Why people don’t like unions, Part I

A 2009 Gallup poll showed that only 48 percent of Americans approve of labor unions, the lowest percentage in the 65 years that Gallup has polled on the topic. The number slid 10 percent from the previous year.

As I read national news stories online about the protests in Madison over Scott Walker’s union-busting budget bill, I scrolled down to the comments from readers and found remarks like these (with their original spelling and punctuation):

“Hey teachers and Public employees, Here that noise? that’s the GRAVY TRAIN leaving the station.”

“we need more Scott Walkers”

“Does this mean that the UNION bosses will have to move out of their million dollar homes, sell their $350,000.00 yachts, their vacation homes, and $200,000.00 sports cars. @#$% they might have to get a real job.”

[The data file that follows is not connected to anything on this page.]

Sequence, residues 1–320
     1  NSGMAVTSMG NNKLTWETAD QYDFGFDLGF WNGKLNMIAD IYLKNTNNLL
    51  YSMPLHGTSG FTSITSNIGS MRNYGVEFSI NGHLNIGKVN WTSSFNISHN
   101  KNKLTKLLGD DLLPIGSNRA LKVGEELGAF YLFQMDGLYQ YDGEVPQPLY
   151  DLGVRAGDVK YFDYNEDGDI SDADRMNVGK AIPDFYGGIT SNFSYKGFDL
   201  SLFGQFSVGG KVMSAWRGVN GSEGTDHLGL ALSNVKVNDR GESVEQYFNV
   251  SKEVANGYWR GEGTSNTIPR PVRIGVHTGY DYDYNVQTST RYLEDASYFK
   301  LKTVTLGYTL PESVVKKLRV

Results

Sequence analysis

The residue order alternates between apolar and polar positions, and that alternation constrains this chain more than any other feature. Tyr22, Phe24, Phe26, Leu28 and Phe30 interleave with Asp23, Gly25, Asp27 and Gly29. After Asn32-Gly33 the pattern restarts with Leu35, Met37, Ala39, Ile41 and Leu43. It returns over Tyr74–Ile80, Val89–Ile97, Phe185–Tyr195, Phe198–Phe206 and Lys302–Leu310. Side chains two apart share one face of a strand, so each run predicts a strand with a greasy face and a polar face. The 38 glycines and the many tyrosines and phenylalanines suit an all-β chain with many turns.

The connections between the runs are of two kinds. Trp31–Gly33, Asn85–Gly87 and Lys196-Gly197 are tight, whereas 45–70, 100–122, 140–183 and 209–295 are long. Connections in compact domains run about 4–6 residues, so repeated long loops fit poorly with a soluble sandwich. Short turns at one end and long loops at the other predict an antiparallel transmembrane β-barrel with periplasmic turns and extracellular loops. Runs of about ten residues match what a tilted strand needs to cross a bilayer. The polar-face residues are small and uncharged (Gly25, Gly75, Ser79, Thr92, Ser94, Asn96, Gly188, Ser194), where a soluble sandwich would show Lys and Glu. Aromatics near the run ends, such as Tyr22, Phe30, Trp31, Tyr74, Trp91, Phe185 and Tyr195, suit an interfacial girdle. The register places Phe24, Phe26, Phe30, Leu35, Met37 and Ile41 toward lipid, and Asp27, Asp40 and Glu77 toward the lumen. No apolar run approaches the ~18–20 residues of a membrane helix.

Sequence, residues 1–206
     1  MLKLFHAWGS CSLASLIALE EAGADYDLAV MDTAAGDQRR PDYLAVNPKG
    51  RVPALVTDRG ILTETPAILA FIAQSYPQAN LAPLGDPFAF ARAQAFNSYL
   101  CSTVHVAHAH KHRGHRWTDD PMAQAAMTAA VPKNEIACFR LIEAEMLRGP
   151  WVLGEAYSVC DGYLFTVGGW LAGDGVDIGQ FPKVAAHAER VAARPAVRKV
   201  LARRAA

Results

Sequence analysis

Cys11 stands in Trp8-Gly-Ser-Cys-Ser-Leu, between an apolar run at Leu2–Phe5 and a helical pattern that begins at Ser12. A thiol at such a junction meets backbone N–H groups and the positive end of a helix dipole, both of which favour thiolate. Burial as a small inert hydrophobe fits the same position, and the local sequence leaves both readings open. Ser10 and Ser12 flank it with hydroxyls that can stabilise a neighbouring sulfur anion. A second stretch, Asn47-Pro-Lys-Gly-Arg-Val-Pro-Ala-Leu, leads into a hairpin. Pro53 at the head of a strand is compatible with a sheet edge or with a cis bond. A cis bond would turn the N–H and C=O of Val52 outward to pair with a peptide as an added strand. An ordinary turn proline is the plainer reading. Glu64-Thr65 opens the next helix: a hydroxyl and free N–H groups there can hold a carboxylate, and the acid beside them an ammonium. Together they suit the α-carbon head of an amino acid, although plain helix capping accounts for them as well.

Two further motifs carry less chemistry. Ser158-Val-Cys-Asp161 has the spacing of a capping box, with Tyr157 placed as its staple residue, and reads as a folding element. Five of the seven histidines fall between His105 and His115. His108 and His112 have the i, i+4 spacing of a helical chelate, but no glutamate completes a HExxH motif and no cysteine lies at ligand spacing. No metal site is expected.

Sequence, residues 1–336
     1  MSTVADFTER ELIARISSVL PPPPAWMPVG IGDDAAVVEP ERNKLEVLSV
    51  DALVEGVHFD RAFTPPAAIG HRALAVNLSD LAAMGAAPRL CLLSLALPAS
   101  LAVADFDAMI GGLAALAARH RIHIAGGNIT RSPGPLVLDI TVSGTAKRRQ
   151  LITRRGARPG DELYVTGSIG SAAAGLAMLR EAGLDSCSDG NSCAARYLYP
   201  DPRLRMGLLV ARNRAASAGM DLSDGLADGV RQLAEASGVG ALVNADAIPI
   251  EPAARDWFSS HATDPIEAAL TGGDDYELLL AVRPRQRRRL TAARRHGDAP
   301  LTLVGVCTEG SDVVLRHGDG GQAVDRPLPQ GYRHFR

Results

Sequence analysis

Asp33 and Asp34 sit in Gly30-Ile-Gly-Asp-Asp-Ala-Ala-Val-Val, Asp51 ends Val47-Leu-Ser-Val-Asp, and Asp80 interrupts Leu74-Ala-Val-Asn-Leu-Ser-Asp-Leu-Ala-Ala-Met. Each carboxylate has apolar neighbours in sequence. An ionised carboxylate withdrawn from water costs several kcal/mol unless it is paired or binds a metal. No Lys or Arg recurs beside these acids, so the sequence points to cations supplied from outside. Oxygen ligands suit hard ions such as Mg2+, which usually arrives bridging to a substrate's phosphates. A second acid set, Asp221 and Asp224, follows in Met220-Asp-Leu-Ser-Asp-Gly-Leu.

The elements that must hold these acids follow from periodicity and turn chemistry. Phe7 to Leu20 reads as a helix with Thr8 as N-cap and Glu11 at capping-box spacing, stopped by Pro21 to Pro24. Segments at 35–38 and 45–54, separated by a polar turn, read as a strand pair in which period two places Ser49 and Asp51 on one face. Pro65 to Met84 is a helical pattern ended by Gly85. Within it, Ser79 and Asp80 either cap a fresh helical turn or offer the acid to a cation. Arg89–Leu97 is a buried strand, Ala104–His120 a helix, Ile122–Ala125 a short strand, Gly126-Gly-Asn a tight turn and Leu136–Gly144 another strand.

These remarks show the main reason people oppose unions: the misconception that union members are making more than they’re worth. Also, people fail to make any distinction among different unions, lumping them all together.

I don’t know much about private unions, but I suspect any “union bosses” being threatened with selling their yachts don’t lead a teachers’ union. I have yet to be invited to party on a teacher’s yacht.

So let’s focus on public unions, the targets of Scott Walker’s bill:

A study by Jeffrey H. Keefe for the Economic Policy Institute found that Wisconsin public workers make 4.8 percent less than workers in the private sector with comparable working hours.

However, the study found that the public workers have more education than the higher-earning private workers, with 59 percent of public workers holding a four-year college degree compared to 30 percent of private employees.